I settled, finally, on a peeled Idaho Russet potato. I cut the spud into four pieces, which I fed individually into the chopper. And the device worked as intended — neat and clean. The Veg-O-Matic was, after all, meant to transform a time-consuming, chaotic operation into a simple, wholesome procedure. And that’s what it did.
The secret, as with many physical actions, was in the wrist. It was all finesse. I’d place a piece of potato on the bottom blades and apply a sharp downward whack with the top. And voila! the potato was julienned, perfect for hash browns. If I spoke slowly, worked methodically and was meticulous with my cleanup, I could kill the better part of a half hour on each demonstration, thus allowing for only 30 minutes of working at a cash register before my next demonstration.
At first, I was worried that I wouldn’t sell enough Veg-O-Matics to keep my new job, but the pile of boxes diminished at an ever-increasing rate as Christmas approached and the manager was a happy man. I’d sold six to eight Veg-O-Matics with each demonstration, and I noticed that many customers who didn’t make an immediate purchase returned later to snatch up two or three Veg-O-Matics, having chosen convenience over thoughtful reflection. Usually these return customers felt compelled to offer an explanation for their delayed purchase. “You know,” they’d say, “I was thinking about your demonstration, and you’re right, this will make an excellent gift for my mother.”
Every day I’d work straight through until 10 p.m., taking an hour each for lunch and dinner, and then I’d catch the bus home in the dark. I’d shower and collapse into my bed to read for a few seconds in Pigs Have Wings, my latest Wodehouse novel, before falling asleep.
And that’s how it went for seven straight days. I’d turn up at Drug Fair at 8 a.m., an hour before the store opened, to prepare the potatoes for my demonstration. I’d restock the Veg-O-Matic display, piling the boxes high in an ergonomically conical construct of my own contrivance, and check out a register tray so that I could relieve cashiers who went on break.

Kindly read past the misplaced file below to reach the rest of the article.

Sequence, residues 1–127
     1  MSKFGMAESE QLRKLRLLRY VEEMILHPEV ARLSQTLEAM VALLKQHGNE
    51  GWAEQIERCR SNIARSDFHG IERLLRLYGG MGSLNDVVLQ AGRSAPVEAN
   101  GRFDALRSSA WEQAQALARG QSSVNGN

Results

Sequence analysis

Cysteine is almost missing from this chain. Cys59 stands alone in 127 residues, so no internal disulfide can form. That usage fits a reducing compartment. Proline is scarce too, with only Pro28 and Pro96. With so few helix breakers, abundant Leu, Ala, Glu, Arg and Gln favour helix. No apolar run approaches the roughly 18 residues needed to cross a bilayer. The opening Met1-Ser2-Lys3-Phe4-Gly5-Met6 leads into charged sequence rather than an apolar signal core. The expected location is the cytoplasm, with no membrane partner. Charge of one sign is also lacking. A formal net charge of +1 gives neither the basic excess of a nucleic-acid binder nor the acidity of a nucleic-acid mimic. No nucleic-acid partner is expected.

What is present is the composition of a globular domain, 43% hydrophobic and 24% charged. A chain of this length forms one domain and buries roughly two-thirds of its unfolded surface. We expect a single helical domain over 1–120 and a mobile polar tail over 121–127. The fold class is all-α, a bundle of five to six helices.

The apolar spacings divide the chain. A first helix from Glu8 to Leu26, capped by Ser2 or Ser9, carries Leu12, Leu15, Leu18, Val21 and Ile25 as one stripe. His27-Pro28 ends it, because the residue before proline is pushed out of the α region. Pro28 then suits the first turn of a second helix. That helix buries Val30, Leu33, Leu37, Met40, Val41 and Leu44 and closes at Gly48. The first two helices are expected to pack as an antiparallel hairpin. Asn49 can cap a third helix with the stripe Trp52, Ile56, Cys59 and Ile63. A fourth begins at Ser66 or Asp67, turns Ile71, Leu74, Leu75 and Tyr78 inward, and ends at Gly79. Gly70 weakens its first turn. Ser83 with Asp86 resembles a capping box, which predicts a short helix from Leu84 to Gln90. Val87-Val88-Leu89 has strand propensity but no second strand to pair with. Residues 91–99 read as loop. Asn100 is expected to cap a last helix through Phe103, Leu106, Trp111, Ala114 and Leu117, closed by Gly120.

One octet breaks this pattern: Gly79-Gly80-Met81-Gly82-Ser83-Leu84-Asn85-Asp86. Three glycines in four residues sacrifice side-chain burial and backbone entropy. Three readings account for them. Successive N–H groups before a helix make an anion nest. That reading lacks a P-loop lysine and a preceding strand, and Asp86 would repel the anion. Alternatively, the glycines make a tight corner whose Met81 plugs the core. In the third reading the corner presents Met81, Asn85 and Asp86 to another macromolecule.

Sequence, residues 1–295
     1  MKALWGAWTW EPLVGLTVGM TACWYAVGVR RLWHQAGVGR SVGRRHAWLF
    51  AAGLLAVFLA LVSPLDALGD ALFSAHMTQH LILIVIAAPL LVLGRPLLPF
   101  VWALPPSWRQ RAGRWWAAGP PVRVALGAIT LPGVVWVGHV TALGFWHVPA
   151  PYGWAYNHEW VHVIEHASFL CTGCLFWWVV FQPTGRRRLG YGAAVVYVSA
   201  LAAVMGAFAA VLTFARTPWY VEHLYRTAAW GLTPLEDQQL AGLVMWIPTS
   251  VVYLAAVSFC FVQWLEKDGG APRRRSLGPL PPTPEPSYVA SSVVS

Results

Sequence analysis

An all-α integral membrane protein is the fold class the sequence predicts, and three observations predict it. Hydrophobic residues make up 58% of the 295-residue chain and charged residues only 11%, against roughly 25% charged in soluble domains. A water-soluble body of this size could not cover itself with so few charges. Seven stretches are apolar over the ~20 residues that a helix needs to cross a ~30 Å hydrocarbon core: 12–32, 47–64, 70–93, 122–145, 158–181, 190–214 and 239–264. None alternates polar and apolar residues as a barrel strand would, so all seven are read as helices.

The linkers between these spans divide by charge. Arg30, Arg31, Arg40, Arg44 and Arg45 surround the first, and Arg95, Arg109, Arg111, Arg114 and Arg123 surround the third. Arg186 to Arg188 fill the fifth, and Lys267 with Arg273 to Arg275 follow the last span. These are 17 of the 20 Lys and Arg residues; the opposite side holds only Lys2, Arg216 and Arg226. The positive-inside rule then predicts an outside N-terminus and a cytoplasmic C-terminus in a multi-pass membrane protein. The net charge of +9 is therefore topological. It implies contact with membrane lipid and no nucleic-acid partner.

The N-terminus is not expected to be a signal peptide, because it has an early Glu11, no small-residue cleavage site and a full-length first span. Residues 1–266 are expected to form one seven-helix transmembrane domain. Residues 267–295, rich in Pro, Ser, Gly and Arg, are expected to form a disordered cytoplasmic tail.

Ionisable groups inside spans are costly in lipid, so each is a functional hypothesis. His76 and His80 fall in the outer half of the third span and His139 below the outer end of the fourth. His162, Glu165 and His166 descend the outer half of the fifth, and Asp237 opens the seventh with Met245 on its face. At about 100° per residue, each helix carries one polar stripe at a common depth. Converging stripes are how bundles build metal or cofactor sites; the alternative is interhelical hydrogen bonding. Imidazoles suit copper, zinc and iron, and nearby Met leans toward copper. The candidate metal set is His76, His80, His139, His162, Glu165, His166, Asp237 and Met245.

If my schedule was exhausting, it also had its advantages. I slept like a stone, and the days flew by. At home, I didn’t have a conversation with my mother, father or sister that lasted more than 10 seconds. “Hi, how ya doing?” was as intimate as it got, which suited me. My father was asleep when I left in the morning and when I came in at night, I didn’t have to listen to my mother and sister bicker. Only my brother Mike, with whom I shared a room, was around when I staggered in whacked out from 12 hours of working with the public. He’d fill me in on the day’s drama with my sister, which made me glad I’d be headed back to college soon.
When the store closed at 9 p.m. on Christmas Eve, I used my humongous 5 percent employee discount to purchase gifts for the family — a cheap cotton bathrobe for my mother, which turned out to fit her like a circus tent, a simulated leather wallet for my father, a 45 of Donovan’s “Catch the Wind” for my brother, and the Beatles’ Help! for my sister. I was headed out the door with my packages when the manager stopped me.
“You’ve done a good job,” he said, a genuine smile on his pasty face. “And I’m hoping you’ll consider coming back to work through New Year’s Eve. You won’t be selling Veg-O-Matics, but I need experienced help to run the registers and handle returns. I could use you for at least 12 hours a day.”